Featured Research

from universities, journals, and other organizations

A single protein regulates two immune pathways

Date:
April 29, 2010
Source:
Baylor College of Medicine
Summary:
Researchers have identified a protein called NLRC5, a member of the NOD-like protein family, that is involved in inhibition of protein complexes key to critical pathways of innate immunity called NF-κB and type I interferon signaling.

Unchecked, the natural or innate immune system can run out of control -- like a stuck accelerator on a car. Eventually, it will kill the host it is supposed to protect.

Much scientific attention is directed at understanding how this innate immune system is turned on, but little to how it is cooled down or regulated. That is important because the innate immune system is associated with inflammation. In turn, unchecked inflammation is associated with cancer, heart disease, autoimmune diseases and other chronic ailments.

A team of researchers led by Baylor College of Medicine has identified a protein called NLRC5, a member of the NOD-like protein family, that is involved in inhibition of protein complexes key to critical pathways of innate immunity called NF-κB and type I interferon signaling. A report on their work appears in the current issue of the journal Cell.

"Understanding the molecular mechanisms that hold innate immunity in check could provide clues to better treatments for cancer and autoimmune diseases associated with inflammation," said Dr. Rong-Fu Wang, professor in the Center for Cell and Gene Therapy, the department of pathology and immunology at BCM and a senior author of the report.

Think of the innate immune system as a rushing cascade, blocked in places by chunks of rock or landscape and forced through natural cavities in a particular direction. Protein complexes such as the protein IKK complex in NF-κB pathway, and RIG-I and MDA5 as pathogen sensors in type I interferon pathways, act like these natural forces to control and direct the cascade of events that result in innate immunity.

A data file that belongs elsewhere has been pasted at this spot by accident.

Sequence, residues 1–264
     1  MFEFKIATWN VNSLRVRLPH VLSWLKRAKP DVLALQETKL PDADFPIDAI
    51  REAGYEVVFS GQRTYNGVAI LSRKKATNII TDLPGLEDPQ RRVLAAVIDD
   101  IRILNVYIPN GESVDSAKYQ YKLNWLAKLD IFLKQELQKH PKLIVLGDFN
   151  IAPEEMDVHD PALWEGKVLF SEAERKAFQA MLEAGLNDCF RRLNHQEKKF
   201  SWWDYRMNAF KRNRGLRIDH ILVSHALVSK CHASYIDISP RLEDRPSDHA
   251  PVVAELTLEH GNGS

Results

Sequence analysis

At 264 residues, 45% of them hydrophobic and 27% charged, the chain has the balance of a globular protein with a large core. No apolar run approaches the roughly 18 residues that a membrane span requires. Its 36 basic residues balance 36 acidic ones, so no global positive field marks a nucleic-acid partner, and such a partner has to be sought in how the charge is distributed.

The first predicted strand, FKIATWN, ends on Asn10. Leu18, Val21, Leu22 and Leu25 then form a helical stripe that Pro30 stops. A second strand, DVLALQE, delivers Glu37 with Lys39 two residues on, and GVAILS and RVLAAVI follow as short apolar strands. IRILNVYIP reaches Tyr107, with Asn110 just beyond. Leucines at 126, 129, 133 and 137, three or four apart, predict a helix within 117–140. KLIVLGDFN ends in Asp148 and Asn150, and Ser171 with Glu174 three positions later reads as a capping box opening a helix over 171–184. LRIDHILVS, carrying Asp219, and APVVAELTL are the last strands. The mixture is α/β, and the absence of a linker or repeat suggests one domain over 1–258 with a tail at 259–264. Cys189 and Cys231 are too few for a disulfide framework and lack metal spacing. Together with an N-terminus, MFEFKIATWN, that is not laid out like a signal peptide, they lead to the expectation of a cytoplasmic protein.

NLRC5 interacts with two subunits of IKK to prevent their activation through blocking addition of a phosphate molecule (phosphorylation). This in turn, inhibits NF-κB activation and innate immune responses. NLCRC5 also interacts with innate immune receptors RIG-I and MDA5 to block type I interferon response.

When Wang and his colleagues "knocked down" or reduced the amount of the NLRC5 protein, both NF-κB and type 1 interferon activity increased, resulting in increased innate immune responses and antiviral immunity.

"Our findings identify NLRC5 as a key negative regulator that blocks two central components of the NF-κB and type I interferon pathways," said Wang. That makes it a key element in keeping the innate immune system running at just the right level.

Others who took part in this research include Jun Cui, Liang Zhu, Xiaojun Xia, Helen Y. Wang, Xavier Legras, Jun Hong and Jiabing Ji, all of BCM, Pingping Shen of the College of Life Science at Nanjing University in China, Shu Zheng of Zhejiang University Medical School in Hangzhou, China and Zhijian J. Chen of The University of Texas Southwestern Medical Center in Dallas.

Funding for this work came from the National Cancer Institute, the National Institutes of Health, the China Scholarship council and the Howard Hughes Medical Institute.


Story Source:

The above story is based on materials provided by Baylor College of Medicine. Note: Materials may be edited for content and length.


Journal Reference: